“Alice and I always walked home from school for dinner at noon. Sometimes there would be a blizzard and Emma would call us in for Cornish pasties. That saved us a long walk in the storm, since she lived about halfway to our house.” – From High on the Bluff

Early in the twentieth century, most children either walked home for lunch or carried their lunch in a pail with them to school. School lunches were changing, however.

School lunch recipes book coverWomen’s magazines after the turn of the century offered ideas for packing lunches that were more appealing. And even before the Federal School Lunch Program was created in 1946, schools were experimenting with hot cafeteria lunches. These began as penny lunches – two cents for bread and butter, five cents for a bowl of soup.

Early hot lunch cafeterias often relied on surplus farm food. Their big challenge was to turn it into something appealing to children, that could be cooked on a large scale and be affordable to serve.

The U.S. Department of Agriculture tried to help by sending schools booklets explaining how to set up and run a hot cafeteria, complete with needed equipment lists, floor layouts, sample menus and recipes. Creamed liver and potatoes, anyone? Cheese Bunny? Scalloped Apples for 50?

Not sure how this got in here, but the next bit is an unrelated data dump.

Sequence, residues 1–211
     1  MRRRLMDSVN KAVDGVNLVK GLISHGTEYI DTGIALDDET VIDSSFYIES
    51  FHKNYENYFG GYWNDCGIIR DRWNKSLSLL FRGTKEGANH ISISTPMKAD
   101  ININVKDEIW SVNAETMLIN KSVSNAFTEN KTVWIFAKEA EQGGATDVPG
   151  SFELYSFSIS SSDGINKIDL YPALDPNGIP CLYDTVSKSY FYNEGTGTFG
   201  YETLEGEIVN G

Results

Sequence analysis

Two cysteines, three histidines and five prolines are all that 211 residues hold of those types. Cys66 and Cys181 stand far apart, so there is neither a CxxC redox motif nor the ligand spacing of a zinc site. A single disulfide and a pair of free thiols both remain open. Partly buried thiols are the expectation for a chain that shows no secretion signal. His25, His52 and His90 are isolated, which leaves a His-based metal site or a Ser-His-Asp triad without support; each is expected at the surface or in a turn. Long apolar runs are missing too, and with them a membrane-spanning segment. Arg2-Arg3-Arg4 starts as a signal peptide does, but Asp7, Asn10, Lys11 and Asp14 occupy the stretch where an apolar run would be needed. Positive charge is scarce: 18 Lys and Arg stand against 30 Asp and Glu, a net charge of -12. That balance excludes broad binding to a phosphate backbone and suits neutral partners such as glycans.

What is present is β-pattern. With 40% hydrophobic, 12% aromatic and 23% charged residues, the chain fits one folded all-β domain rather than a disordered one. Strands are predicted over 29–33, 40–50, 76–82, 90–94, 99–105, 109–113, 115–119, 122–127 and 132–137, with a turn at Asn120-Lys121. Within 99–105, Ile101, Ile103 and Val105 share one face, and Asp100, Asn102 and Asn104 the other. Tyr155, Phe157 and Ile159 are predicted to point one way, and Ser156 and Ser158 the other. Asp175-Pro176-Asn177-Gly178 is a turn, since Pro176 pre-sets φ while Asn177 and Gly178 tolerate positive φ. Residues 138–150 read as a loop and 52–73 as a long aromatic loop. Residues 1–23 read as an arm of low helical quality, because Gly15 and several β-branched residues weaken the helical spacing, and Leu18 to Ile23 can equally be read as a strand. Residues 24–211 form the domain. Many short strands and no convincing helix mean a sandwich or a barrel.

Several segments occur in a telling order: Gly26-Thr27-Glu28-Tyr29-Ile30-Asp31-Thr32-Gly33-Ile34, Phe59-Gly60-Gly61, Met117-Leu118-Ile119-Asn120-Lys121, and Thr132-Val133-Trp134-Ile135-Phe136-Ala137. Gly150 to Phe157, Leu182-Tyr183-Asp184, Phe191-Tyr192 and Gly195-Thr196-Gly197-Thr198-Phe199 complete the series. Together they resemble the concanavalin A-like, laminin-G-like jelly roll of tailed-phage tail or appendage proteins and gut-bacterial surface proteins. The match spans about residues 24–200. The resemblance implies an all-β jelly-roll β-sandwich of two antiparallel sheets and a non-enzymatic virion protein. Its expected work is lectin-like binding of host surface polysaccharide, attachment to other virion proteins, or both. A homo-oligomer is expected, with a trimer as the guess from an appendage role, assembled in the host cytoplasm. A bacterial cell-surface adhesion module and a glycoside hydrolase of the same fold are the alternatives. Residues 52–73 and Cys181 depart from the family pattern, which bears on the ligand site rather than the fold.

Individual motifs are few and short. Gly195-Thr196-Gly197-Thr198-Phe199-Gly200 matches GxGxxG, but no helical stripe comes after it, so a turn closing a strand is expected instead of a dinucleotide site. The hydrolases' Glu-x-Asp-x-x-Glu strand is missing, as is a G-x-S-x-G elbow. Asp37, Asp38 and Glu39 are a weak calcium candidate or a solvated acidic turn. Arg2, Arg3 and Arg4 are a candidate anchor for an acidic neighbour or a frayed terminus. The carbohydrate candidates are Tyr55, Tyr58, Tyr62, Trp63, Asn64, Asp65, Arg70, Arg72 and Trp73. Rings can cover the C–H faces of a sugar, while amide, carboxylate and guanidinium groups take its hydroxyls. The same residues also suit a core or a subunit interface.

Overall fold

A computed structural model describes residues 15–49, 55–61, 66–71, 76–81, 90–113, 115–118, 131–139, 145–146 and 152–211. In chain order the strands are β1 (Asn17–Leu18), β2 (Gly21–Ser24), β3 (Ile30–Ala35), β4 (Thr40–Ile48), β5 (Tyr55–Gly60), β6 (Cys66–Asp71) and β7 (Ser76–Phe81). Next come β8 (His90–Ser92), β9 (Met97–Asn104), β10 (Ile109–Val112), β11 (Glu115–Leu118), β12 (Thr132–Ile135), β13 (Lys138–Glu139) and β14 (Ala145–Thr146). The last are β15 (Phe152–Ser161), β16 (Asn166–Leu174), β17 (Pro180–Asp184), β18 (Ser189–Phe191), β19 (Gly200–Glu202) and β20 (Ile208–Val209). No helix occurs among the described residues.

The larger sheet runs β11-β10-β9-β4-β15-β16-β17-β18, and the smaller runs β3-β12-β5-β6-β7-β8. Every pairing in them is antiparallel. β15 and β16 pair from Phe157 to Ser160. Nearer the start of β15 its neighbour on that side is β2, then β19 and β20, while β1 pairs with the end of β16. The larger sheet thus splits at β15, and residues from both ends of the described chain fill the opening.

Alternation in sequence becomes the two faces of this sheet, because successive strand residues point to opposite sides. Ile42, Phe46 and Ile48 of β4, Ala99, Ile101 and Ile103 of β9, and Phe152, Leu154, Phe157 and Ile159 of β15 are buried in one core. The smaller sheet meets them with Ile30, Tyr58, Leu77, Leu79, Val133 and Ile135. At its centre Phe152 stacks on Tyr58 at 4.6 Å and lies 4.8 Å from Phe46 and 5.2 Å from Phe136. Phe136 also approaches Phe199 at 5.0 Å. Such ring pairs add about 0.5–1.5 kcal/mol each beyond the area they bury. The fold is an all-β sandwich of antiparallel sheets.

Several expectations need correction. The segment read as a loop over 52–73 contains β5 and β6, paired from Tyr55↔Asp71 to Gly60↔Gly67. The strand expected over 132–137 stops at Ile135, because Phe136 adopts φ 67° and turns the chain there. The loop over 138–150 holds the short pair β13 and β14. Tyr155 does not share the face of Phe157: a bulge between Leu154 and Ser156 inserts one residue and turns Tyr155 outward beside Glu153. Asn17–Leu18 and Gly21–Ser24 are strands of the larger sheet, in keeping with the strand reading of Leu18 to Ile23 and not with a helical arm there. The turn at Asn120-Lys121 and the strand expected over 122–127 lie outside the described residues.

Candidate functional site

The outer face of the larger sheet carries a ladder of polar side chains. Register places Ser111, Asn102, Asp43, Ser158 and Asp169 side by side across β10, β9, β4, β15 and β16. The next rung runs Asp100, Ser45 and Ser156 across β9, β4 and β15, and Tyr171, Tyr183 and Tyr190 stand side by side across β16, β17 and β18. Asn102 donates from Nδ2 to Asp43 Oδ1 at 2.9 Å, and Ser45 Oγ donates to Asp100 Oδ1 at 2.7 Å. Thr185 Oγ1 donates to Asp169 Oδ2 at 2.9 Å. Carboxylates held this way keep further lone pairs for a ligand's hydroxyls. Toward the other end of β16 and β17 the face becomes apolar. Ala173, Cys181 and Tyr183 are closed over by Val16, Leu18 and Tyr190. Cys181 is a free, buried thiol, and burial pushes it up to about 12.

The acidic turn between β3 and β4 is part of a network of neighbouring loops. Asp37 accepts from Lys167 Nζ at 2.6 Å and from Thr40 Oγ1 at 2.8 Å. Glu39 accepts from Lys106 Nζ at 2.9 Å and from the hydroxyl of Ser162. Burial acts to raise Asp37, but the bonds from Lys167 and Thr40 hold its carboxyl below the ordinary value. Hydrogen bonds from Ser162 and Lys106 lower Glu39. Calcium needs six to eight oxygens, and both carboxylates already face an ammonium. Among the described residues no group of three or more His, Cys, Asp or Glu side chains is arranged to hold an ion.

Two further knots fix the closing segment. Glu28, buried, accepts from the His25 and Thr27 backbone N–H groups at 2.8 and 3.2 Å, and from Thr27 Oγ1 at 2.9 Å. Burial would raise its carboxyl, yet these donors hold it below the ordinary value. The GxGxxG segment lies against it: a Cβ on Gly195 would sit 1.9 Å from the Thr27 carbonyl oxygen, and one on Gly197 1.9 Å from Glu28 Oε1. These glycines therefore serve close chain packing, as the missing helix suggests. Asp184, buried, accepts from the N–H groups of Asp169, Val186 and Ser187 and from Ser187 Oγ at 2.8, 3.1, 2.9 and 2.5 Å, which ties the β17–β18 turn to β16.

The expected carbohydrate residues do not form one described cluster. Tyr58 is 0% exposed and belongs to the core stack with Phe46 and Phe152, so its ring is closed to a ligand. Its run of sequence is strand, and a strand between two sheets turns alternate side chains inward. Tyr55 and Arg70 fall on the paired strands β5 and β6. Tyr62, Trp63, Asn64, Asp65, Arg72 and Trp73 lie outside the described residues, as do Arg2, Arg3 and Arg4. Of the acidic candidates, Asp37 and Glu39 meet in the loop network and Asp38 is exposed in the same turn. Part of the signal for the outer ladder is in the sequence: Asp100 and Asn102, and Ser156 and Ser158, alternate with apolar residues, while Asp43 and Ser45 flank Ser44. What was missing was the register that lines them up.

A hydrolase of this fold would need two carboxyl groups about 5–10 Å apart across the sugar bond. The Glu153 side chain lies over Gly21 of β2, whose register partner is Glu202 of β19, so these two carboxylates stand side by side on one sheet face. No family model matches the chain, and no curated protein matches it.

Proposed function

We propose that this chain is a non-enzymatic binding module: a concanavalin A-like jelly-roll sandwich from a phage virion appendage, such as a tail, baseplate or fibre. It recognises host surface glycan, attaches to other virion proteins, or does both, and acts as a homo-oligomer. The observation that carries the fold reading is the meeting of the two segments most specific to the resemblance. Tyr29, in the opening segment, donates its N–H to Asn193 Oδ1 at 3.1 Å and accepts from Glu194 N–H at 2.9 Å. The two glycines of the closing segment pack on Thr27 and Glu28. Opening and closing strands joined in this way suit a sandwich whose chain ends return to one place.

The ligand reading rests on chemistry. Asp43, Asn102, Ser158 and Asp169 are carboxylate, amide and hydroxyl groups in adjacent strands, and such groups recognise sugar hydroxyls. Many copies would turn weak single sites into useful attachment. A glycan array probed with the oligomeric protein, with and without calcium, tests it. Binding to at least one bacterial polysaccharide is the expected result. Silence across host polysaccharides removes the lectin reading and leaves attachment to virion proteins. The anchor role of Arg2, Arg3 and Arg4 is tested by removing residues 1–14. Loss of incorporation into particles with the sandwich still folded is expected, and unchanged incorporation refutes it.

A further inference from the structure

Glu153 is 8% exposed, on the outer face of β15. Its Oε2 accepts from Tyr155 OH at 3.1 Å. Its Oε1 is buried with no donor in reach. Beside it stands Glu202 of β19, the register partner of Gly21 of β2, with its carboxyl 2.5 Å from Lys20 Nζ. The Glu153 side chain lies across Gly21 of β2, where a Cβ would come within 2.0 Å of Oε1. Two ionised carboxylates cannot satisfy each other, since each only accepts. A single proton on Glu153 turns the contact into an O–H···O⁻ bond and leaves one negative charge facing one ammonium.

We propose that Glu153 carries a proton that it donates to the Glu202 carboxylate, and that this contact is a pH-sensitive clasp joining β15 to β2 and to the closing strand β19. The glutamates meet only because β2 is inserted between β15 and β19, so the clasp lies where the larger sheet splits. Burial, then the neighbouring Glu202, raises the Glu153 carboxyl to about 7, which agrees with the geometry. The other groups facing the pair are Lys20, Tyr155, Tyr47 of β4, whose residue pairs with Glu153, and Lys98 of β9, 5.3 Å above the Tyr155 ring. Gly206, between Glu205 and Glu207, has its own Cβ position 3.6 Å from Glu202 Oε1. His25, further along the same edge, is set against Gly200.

Below is a 1936 U.S.  Department of Agriculture recipe for Peanut Butter and Tomato Soup, designed to feed 52 children, from a publication entitled Menus and Recipes for Lunches at School.

Peanut Butter and Tomato Soup

4 no. 10 cans of tomatoes (about twelve quarts)
10 ounces (2-1/2 cups) of flour
3 pounds of peanut butter
½ pound of peeled onions, chopped
2 tbsp. of salt

Press the canned tomatoes through a sieve to remove the seeds.

Mix two quarts of the strained tomato, the flour, and the peanut butter until smooth. A

dd the onions to the remaining tomato and heat to the boiling point.

Add some of the hot tomato to the flour and peanut butter, then combine with the hot tomato. Add the salt.

Cook for about ten minutes, stirring constantly.